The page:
Command to Stop Biting
Any time you want your puppy to stop biting you, say ‘no bite’, ‘stop’, or ‘off’ in a stern voice. If he stops biting, reward the good behavior by offering a treat. Repeat it again and again so that your puppy understands that he should stop biting immediately on given the command.
The method can be used not just to teach your puppy not to bite, but also to control any sort of aggressive behavior. The idea is to make your puppy understand that he should stop doing whatever he is doing on hearing the command.
Pet with One Hand, Treat with the Other
When you pat, scratch, or stroke your puppy, he might get excited and try to bite your hand playfully. If you encourage the behavior, he might mistakenly think that it is okay to bite people when they try to pet him.
To discourage this behavior, have a box of treats by your side when you pet him. Pet him with one hand and when he tries to mouth you, feed him a treat using your other hand. Do it regularly until he gets used to being touched and petted by people without having the urge to bite them.
Use a Taste Deterrent
It is a prudent idea to apply a taste deterrent on your clothes, footwear, and other objects that you do not want your puppy to sink his or her teeth into. You can also spray it on your arms and legs before you start playing with him. The smell of the deterrent itself might prevent your puppy from biting you. Even if he tries to bite you, he will let go of you immediately due to the bitter taste.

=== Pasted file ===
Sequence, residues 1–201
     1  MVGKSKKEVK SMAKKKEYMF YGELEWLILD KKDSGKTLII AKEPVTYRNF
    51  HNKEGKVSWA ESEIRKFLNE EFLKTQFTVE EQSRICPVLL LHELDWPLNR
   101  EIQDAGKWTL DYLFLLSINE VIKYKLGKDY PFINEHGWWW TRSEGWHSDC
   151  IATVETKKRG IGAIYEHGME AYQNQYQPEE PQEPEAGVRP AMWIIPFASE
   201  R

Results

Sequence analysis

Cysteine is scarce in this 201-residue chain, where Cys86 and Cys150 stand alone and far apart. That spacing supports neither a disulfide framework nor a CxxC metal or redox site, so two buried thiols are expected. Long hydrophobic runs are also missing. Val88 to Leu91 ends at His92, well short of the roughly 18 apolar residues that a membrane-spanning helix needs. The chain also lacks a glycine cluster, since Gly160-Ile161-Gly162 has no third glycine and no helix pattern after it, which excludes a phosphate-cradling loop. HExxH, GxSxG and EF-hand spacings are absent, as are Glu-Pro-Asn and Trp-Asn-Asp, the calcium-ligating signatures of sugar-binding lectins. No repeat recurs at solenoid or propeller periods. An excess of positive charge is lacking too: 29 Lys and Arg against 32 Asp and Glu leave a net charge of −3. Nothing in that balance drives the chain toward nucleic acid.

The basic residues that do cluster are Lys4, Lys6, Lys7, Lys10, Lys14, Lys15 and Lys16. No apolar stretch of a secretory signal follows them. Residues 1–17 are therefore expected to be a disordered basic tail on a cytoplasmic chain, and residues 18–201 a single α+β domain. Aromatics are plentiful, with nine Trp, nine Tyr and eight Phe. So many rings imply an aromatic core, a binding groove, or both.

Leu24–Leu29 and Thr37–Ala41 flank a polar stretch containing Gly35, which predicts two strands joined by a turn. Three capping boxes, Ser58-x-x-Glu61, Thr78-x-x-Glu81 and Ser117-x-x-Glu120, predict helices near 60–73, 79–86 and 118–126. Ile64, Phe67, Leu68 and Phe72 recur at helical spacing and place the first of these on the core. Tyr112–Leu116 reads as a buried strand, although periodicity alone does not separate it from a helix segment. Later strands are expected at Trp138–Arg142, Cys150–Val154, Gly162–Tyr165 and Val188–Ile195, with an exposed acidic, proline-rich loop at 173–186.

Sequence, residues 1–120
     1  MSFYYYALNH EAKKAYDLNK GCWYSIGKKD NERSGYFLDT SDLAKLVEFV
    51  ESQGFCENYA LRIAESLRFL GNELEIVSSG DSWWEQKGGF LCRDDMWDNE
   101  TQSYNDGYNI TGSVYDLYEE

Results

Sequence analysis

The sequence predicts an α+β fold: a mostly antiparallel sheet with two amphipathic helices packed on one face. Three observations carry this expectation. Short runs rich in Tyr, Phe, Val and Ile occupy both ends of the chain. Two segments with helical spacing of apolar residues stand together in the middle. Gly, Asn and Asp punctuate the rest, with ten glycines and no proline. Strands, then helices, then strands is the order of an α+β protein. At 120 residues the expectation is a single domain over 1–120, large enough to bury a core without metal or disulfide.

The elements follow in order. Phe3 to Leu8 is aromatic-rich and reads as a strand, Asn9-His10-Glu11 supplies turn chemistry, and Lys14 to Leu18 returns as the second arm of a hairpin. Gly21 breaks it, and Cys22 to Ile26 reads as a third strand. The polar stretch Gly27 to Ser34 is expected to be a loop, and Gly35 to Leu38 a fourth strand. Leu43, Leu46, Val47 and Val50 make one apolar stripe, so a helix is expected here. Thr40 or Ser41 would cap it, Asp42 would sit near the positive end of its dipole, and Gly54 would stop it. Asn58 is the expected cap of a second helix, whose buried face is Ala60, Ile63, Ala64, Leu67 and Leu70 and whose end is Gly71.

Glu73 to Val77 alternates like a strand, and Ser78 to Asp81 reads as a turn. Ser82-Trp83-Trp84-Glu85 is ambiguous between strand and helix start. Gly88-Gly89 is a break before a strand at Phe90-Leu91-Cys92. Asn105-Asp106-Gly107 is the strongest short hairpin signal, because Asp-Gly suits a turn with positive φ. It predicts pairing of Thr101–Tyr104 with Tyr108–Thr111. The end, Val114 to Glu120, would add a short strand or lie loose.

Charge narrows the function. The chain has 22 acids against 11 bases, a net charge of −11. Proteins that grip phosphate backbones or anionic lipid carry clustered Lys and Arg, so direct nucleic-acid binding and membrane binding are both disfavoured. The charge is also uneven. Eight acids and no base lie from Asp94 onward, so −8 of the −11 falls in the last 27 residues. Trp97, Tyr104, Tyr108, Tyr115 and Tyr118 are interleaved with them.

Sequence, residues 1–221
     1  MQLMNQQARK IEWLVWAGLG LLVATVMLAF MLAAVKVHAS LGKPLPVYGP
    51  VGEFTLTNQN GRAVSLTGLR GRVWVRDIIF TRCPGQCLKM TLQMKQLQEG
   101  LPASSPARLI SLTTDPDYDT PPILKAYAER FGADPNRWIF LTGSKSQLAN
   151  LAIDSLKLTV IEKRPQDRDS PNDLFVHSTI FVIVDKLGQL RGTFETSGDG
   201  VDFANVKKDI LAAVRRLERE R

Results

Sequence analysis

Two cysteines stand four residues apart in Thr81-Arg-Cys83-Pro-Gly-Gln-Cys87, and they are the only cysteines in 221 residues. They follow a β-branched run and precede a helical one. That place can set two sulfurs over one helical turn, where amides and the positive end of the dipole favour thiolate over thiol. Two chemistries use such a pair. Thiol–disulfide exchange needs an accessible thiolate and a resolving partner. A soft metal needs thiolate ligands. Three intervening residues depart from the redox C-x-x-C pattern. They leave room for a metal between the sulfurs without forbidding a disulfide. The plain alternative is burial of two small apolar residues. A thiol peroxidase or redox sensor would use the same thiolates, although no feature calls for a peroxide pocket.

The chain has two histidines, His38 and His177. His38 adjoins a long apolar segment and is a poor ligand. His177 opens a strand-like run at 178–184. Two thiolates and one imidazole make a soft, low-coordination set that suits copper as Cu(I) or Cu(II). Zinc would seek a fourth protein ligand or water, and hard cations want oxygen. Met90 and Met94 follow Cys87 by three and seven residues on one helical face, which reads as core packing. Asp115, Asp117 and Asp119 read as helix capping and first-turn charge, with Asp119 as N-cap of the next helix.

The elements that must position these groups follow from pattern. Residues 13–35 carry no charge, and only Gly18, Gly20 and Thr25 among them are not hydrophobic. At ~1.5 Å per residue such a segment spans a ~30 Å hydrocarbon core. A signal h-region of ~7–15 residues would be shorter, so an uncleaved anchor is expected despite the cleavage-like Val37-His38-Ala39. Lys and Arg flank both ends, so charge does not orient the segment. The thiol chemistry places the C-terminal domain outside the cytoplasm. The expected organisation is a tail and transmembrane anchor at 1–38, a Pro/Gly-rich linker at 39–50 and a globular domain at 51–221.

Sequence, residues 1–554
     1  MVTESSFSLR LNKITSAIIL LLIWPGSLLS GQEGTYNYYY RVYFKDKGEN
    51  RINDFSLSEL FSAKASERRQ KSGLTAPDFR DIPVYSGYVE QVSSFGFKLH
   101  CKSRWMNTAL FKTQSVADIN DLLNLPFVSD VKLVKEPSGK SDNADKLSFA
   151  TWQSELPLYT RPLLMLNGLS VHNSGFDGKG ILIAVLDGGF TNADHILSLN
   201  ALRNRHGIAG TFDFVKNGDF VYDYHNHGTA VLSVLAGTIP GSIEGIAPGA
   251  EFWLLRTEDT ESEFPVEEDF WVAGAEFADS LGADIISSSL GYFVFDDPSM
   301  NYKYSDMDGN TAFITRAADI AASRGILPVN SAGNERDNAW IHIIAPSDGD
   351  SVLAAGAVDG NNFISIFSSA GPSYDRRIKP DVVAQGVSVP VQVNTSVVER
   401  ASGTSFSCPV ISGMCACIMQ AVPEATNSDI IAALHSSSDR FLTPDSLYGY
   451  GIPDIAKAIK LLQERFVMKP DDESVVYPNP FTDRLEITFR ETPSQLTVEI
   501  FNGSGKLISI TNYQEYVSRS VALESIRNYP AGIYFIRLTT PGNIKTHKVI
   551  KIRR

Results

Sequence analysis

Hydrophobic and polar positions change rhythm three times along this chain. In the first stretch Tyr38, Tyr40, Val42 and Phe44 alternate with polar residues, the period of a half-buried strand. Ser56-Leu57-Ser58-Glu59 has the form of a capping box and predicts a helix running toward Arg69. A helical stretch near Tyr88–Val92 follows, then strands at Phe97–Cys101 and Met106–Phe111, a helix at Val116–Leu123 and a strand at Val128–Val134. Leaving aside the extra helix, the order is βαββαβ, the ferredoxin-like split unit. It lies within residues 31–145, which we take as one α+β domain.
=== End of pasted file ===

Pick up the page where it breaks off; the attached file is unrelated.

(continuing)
You can try using the deterrent a few times, until your puppy understands that mouthing or biting people will have bitter consequences. It is equally important to praise him or give him a treat every time he stops biting you and lets you go. This way, he or she can associate bitterness with bad behavior (biting people) and sweetness with good behavior (not biting people).
Consider Using a Peppermint Spray
This is not a very pleasant training method and should be employed only if all the aforementioned methods fail to produce any results (which is not likely to happen with 99% of puppies).
Keep a peppermint or spearmint spray by your side while playing with your puppy. When he tries to bite you, yelp loudly, as mentioned in the very first method. When he pauses, squirt a small amount of the spray into his mouth. Your puppy is not likely to enjoy the smell, taste, or the sensation in his mouth.
Every time he tries to bite you, use the spray so that he associates the unpleasant taste and sensation with his mouthy behavior and learns to keep his aggressiveness in check.
There are three reasons why this method is meant to be used as a last resort.
- Some of the dog owners might be uncomfortable with the thought of punishing a little puppy for something he does
- If you do not aim properly and spray it into his eyes, it can be extremely painful for your puppy, as a result of which he might become more
- If you do not spray it quickly, your puppy might spot the can of spray in your hand and reach for it. It might quickly turn into a tug of war or a wrestling match, which is the last thing you want to do while training your